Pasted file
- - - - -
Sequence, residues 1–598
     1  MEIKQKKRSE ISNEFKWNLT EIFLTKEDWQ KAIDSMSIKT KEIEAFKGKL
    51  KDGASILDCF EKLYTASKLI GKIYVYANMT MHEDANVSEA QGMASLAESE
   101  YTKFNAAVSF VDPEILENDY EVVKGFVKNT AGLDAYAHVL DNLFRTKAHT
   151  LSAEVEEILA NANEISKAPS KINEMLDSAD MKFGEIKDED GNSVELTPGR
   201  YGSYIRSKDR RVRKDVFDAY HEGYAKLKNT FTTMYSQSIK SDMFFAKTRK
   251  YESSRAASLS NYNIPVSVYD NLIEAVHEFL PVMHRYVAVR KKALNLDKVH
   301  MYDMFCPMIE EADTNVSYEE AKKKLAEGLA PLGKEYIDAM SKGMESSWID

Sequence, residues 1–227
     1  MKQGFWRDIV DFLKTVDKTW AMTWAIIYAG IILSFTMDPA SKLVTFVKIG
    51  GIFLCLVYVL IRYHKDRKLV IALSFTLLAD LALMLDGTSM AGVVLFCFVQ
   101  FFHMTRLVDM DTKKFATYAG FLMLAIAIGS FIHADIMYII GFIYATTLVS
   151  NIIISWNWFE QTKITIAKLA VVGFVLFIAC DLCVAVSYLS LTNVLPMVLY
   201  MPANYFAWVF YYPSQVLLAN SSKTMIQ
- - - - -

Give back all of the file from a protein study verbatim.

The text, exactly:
Sequence, residues 1–598
     1  MEIKQKKRSE ISNEFKWNLT EIFLTKEDWQ KAIDSMSIKT KEIEAFKGKL
    51  KDGASILDCF EKLYTASKLI GKIYVYANMT MHEDANVSEA QGMASLAESE
   101  YTKFNAAVSF VDPEILENDY EVVKGFVKNT AGLDAYAHVL DNLFRTKAHT
   151  LSAEVEEILA NANEISKAPS KINEMLDSAD MKFGEIKDED GNSVELTPGR
   201  YGSYIRSKDR RVRKDVFDAY HEGYAKLKNT FTTMYSQSIK SDMFFAKTRK
   251  YESSRAASLS NYNIPVSVYD NLIEAVHEFL PVMHRYVAVR KKALNLDKVH
   301  MYDMFCPMIE EADTNVSYEE AKKKLAEGLA PLGKEYIDAM SKGMESSWID

Sequence, residues 1–227
     1  MKQGFWRDIV DFLKTVDKTW AMTWAIIYAG IILSFTMDPA SKLVTFVKIG
    51  GIFLCLVYVL IRYHKDRKLV IALSFTLLAD LALMLDGTSM AGVVLFCFVQ
   101  FFHMTRLVDM DTKKFATYAG FLMLAIAIGS FIHADIMYII GFIYATTLVS
   151  NIIISWNWFE QTKITIAKLA VVGFVLFIAC DLCVAVSYLS LTNVLPMVLY
   201  MPANYFAWVF YYPSQVLLAN SSKTMIQ